Latinos in Metro New Orleans: Progress, Problems, and Potential

Lucas Diaz  (Tulane University) Elizabeth Fussell  (Brown University)

Published: Jul 01, 2015

Hurricane Katrina and the flooding caused by the levee failure on August 29, 2005 precipitated the arrival of new Latino immigrants in New Orleans. These immigrants sought opportunities in New Orleans and provided labor needed to clean and rebuild the damaged city. However, the immigrants received a mixed reception; while their labor was urgently needed and welcomed, displaced residents, especially those in the low-skill labor force, feared that the newcomers would fill jobs and occupy low-cost housing New Orleanians needed to return home.

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This ambivalence created a dilemma for the state, municipalities, and residents: How should they receive the Latino immigrant newcomers, many of whom were present in the U.S. without authorization?

This dilemma mirrors the ongoing national debate over comprehensive immigration reform, which asks: Should we welcome or discourage settlement by the immigrants who work and live in our communities without authorization? Since the 1960s, an unauthorized immigrant population has been tolerated in the U.S. because of steady demand for the low-wage labor they provide, especially in agriculture, construction, food processing, and low-skill service sectors of the economy. This tolerance of unauthorized immigration is countered by those who seek to control and restrict immigration, especially unauthorized immigration. States and localities have filled this policy void with pro- and anti-immigrant laws and ordinances. For example, some states issue driver’s licenses without requiring evidence of citizenship or immigration status, a pro-immigrant policy. In contrast, some states and localities seek to charge law enforcement officers with determining a detained persons’ legal status, an anti-immigrant policy. New Orleans’ local policy context for unauthorized immigrants changed dramatically over the last 10 years, but to date no one has assessed these policies.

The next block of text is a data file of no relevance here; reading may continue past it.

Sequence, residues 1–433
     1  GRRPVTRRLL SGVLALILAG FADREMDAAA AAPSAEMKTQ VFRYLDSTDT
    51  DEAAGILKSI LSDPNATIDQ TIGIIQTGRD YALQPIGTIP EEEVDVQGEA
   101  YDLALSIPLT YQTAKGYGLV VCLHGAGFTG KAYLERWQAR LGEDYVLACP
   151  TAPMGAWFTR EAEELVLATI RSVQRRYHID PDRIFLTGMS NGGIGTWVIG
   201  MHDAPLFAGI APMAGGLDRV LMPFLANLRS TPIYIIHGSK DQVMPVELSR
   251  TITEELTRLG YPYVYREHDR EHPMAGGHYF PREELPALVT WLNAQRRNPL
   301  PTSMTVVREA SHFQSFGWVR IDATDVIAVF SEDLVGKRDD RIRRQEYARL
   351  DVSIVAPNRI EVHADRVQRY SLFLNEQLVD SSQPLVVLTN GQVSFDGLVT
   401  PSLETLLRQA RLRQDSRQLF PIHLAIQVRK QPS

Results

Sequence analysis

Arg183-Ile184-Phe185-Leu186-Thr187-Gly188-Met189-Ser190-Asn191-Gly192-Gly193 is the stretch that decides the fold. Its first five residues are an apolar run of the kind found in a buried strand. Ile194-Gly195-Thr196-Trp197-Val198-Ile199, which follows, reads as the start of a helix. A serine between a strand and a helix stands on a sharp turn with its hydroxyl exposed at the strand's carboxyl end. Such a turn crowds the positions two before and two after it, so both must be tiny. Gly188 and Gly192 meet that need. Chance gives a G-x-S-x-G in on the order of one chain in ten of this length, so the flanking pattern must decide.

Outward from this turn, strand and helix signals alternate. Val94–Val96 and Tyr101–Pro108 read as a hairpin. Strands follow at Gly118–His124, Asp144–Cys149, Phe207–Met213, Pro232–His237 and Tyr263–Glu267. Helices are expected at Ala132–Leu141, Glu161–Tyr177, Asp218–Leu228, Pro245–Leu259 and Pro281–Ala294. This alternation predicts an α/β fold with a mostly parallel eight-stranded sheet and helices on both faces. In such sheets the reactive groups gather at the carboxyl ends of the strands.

In this essay we measure change in the Latino population of New Orleans, examine policies that have affected the recently arrived and often unauthorized Latino immigrant population, and provide recommendations for policies that can be implemented at the local and regional levels that support the integration of this growing population and ultimately improve the resiliency of the increasingly diverse New Orleans community.

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Citations and sources can be found in the PDF copy of the report.